Our lives are lived in data. Data crossing borders and connected in virtual space. Most often, it appears, we live in open and too easily accessible data networks. States and corporations are watching us through data, and we are watching each other through data. What does individual privacy mean in this data saturated environment?
We are living in an era defined and shaped by data. Data makes the world go round. It is politics, it is culture, it is everyday life and it is business. Our data-flooded era is one of technological progress, with tides rising at a never seen before pace. Roles, rights and responsibilities are reorganized and new ethical questions posed. Data ethics must and will be a new compass to guide us.
by Gry Hasselbalch and Pernille Tranberg
First appeared in DailyDot 23rd October
BLOG: How come Facebook knows that I have a mother with Alzheimer’s, a woman asked the other day. She was sure that she hadn’t provided the social medium with such sensitive information. But when quizzed a bit further, she confirmed that she had googled the illness and been browsing the Alzheimer’s Association’s website. Both websites “gossip” about visitors’ behavior behind their back to other websites, including Facebook, via third-party cookies.
A new 2016 report from the Danish Consumers’ Council “Digital Challenges for Consumers in Denmark” by Gry Hasselbalch maps key challenges for Danish consumers in the digital era. A rapid digital adoption in Denmark has created a number of challenges for Danish consumers. In particular automatic data collection and correlation performed by both public and private actors challenge consumer privacy. Laws, consumers’ skill, as well as public institution’s and private businesses’ conduct, have not progressed in a way that adequately protects and empowers consumers’ in a digital market and public sphere. The report also points to solutions. There is a need for an updated regulatory data protection framework, a development of consumer skills that provide consumers’ with background knowledge of the life of and interests in their data and the advancement of privacy by design solutions in public and private business.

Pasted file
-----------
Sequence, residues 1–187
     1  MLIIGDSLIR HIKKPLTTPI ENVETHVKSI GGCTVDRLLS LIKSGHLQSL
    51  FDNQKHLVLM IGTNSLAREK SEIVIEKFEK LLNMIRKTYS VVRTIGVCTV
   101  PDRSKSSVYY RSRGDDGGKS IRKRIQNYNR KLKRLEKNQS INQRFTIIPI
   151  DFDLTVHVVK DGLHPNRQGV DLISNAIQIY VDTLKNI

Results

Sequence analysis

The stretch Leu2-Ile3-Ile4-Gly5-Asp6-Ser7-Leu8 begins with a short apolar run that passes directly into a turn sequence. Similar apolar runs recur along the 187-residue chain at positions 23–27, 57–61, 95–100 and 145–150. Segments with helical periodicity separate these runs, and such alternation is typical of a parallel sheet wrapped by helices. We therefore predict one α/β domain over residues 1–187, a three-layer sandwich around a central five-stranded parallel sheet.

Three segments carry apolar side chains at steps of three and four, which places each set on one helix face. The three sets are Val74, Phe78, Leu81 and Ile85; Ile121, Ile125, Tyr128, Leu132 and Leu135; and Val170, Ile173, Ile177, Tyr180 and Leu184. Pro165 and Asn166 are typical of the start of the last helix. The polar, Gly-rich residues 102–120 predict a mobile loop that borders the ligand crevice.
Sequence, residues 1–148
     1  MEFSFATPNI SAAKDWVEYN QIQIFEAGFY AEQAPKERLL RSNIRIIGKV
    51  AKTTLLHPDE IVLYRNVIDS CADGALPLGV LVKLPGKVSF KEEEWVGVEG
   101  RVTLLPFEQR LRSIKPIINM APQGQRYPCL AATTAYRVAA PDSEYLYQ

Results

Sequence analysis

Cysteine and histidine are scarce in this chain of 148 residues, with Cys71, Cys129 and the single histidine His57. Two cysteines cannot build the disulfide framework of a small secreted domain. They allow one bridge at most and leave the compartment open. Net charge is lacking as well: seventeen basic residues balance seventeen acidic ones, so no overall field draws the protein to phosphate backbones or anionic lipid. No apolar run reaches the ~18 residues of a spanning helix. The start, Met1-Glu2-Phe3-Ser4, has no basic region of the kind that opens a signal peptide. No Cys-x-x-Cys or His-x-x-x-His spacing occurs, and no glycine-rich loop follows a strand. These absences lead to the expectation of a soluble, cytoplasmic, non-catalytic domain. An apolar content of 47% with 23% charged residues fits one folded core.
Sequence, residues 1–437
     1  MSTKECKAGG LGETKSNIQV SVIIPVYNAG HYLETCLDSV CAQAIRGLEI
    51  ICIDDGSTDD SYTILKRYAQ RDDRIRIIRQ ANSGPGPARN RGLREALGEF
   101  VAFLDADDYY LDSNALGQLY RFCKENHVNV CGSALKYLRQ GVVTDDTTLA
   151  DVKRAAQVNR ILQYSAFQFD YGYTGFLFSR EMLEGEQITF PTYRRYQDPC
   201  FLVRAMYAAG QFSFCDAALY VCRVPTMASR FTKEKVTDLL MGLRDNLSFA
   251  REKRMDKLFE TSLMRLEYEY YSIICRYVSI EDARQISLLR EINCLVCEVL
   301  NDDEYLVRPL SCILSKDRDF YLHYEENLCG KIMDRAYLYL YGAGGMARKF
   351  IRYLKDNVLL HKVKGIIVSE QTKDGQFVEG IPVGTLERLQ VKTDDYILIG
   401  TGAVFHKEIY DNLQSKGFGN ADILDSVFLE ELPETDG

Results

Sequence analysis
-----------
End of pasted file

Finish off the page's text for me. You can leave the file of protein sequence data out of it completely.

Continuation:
Advisor for organisations on the social and data ethical implications of tech. Co-founder of DataEthics.eu. Independent ethics expert for the EU. Worked with internet policy and digital rights for 10 years in the pan EU network on youth & internet. Behind several larger studies and reports. Author of Data Ethics – The New Competitive Advantage. @mediamocracy, firstname.lastname@example.org
Phone: +39 3512705584 (Italy), +45 29827374 (Denmark)